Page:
Excursus: The Lines of the House of Liechtenstein.
The succession of the families of the high aristocracy was/is regulated by two legal instruments. The Fideikommiss, a kind of foundation, which comprises the inalienable core possession of land and real-estate of the family (possessions beyond that are practically at the free disposal as so-called Allodialgut), which is inherited undivided for use, as well as the principle of primogeniture (title and Fideikommiss properties are inherited by the eldest son, whereby all further descendants go out empty). This principle was first softened in the House of Liechtenstein in the interests of greater fairness (though only among male descendants) by Prince Johann I Josef Liechtenstein (1760-1836), from whom all living members of the Liechtenstein family descend. By purchasing numerous landed estates in addition to the (enormously large) possessions in present-day Czechoslovakia (expropriated after 1945), the Principality of Liechtenstein, and the properties in and around Vienna, Prince Johann I. planned the establishment of three Fideikommiss in favor of his non-first-born sons: Franz de Paula (1802-1887, from whose line Alfred Géza descends), to whom the southern Styrian estates were intended; Karl (1803-1871), estates in Lower Austria; and Friedrich (1807-1885), estates in Carinthia and Upper Styria. The establishment of Fideikomisse required the approval of the emperor, which took place in 1833, 1846 and 1860, but was fully implemented however only under Prince Johann II. (1840-1929, see his portrait by Adams) Liechtenstein. Besides the main princely line (which became extinct in 1938 and was continued by Franz Josef II. (1909-1986) from the Styrian line) there are therefore three further lines of the House of Liechtenstein, of which the line after Franz de Paula (1802-1887) is particularly significant for Styria: son Alfred Luis (1842-1907), grandson Alois (1869-1955 married to Archduchess Elisabeth, the youngest daughter of Emperor Karl and his son Franz Josef II, the reigning Fürst Liechtenstein after 1938, Waldstein Castle), grandson Franz (childless), and grandson Johannes (1873-1959), the father of Alfred Géza (1907-1991, Hollenegg Castle). The Fideikommiss holder of the main line bears the title of Fürst (his eldest son is the Hereditary Prince), all other members of the family (now several hundred) bear the title of Prince or Princess von und zu Liechtenstein, which can easily lead to confusion in the genealogy of the great house, given the shared hereditary names (e.g. Johannes or Alfred). Only the reigning Fürst’s name is specified further by roman numerals.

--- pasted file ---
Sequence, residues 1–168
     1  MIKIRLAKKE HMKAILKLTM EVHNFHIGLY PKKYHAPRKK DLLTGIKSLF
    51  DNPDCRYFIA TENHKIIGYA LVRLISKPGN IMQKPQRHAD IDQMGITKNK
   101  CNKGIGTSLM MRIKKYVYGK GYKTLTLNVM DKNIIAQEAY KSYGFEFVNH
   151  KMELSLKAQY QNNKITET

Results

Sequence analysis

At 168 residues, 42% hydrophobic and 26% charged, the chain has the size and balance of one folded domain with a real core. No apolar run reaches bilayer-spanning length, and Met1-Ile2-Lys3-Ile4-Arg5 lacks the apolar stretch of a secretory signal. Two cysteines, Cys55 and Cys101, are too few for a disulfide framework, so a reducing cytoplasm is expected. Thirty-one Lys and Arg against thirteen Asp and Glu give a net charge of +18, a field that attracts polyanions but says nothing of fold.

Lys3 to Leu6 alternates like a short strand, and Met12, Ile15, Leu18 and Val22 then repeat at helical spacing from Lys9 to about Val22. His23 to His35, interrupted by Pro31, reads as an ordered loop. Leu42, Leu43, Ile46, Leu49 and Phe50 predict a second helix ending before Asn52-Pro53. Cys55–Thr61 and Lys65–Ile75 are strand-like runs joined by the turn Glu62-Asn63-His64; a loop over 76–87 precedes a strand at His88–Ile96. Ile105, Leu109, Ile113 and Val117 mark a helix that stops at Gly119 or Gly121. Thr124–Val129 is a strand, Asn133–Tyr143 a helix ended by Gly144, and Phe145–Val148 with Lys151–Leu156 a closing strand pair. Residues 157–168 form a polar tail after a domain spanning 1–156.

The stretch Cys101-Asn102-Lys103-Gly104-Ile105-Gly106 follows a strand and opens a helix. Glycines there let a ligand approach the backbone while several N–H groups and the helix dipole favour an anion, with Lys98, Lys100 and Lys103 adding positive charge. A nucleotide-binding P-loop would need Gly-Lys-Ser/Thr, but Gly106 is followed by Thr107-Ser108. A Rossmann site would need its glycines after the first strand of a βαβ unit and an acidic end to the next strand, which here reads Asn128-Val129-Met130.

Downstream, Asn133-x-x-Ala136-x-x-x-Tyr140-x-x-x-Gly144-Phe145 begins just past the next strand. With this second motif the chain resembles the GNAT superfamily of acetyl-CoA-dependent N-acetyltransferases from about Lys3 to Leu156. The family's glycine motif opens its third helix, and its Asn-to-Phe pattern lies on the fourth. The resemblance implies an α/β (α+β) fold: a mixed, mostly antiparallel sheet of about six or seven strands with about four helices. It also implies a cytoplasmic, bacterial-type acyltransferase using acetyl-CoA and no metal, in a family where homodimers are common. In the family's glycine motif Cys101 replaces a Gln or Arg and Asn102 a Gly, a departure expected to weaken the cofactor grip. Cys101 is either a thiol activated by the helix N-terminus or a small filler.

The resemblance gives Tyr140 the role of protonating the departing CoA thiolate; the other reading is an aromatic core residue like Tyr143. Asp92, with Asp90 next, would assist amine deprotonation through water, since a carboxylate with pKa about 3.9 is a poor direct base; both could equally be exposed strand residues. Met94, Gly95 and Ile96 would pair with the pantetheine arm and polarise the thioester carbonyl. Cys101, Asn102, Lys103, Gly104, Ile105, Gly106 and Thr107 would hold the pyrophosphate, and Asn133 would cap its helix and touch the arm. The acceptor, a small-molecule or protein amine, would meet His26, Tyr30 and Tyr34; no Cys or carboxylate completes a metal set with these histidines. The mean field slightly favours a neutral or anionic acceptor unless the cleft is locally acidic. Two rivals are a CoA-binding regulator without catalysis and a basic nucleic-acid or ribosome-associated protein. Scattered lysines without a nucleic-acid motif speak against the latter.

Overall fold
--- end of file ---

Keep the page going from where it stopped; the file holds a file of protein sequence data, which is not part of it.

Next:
Exhibited

1986 Akademy Schillerplatz Vienna, Viennese Society in Portrait (no catalogue entry).

2022 Riegersburg castle, special exhibition, 200 years of the Liechtenstein family (in Styria).

Literature

APH, catalog raisonné JQA 1995, p. 181, cat.#148, fig.#101.

Provenance

Sitter.
His family descendants.
Private collection, Austria.